Somme 100 Film
It is a compelling documentary record of one of the key battles of the First World War and the first feature-length documentary film record of combat. Seen by many millions of British civilians within the first month of distribution, The Battle of the Somme was recognized at the time as a phenomenon that allowed the civilian home-front audience to share the experiences of the front-line soldier and was seen by mass audiences in allied and neutral countries, including Russia and the United States.
It is the source of many iconic images from the First World War, which remain in almost daily use 100 years later. The tragic events at the Battle of the Somme left a deep mark on a huge scale. Nearly everyone in the UK will have an ancestor who fought or died at the Somme. It’s important that people across the UK have the chance to remember and honour the sacrifice and courage of the men who participated in the Battle.
About the film ‘The Battle of the Somme’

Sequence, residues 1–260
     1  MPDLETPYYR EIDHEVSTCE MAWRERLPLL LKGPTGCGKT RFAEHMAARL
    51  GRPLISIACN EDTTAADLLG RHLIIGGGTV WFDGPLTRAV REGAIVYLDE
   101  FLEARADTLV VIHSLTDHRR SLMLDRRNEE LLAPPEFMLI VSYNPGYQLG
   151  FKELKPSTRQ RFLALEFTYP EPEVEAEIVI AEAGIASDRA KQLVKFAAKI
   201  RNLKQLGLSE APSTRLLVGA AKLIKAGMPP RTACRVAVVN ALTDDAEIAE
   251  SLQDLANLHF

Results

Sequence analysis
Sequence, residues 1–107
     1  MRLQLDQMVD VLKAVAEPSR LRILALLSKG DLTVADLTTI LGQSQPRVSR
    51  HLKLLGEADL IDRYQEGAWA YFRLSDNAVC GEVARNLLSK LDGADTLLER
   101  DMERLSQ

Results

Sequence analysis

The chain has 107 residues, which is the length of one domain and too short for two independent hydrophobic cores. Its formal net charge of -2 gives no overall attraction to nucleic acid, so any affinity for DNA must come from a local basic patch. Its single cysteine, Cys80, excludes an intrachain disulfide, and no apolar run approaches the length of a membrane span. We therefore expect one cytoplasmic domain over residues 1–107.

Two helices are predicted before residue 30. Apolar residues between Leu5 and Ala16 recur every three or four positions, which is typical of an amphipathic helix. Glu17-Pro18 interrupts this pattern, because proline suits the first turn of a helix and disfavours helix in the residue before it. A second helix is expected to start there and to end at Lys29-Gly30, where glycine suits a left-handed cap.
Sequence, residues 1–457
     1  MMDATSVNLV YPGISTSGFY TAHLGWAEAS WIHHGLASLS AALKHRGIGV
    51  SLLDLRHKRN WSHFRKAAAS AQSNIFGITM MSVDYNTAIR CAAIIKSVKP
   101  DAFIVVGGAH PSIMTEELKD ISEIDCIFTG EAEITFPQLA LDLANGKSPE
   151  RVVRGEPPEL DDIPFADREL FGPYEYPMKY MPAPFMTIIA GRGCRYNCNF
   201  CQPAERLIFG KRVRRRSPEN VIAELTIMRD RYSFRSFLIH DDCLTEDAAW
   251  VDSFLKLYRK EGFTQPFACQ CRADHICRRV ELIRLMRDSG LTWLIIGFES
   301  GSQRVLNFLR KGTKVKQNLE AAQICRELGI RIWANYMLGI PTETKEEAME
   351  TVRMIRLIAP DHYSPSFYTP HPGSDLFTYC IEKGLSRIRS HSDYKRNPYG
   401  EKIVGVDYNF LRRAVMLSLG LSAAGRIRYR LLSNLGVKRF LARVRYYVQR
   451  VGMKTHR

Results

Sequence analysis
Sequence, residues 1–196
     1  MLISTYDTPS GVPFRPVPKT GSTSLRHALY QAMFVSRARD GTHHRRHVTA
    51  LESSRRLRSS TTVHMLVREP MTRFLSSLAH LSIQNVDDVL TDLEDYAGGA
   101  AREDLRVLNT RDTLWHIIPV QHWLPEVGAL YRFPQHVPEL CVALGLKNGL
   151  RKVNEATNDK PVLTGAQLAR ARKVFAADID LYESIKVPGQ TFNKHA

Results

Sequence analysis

It remains one of the most successful films ever made.
In 1916 it was seen by over half the UK adult population: only Star Wars has beaten it in box office records since.
It was distributed to 18 different countries in 1916.
It is inscribed on UNESCO’s Memory of the World register ‐the first British ‘document’ of any kind to be included.
It is the source of many of the most iconic WW1 images. If you have seen any documentary about WW1, it is likely you have seen part of the film.
The film shows scenes of the build-up to the infantry offensive including the massive preliminary bombardment, coverage of the first day of the battle (the bloodiest single day in Britain’s military history) and depictions of the small gains and massive costs of the attack.
It was a ground-breaking documentary which has influenced 100 years of documentary making thereafter.
It was made by British official cinematographers Geoffrey Malins and John McDowell, who risked their lives by going to the front line to film the action, giving us an invaluable insight into the battle today.
The film has been painstakingly restored frame by frame to enable it to be seen by generations to come.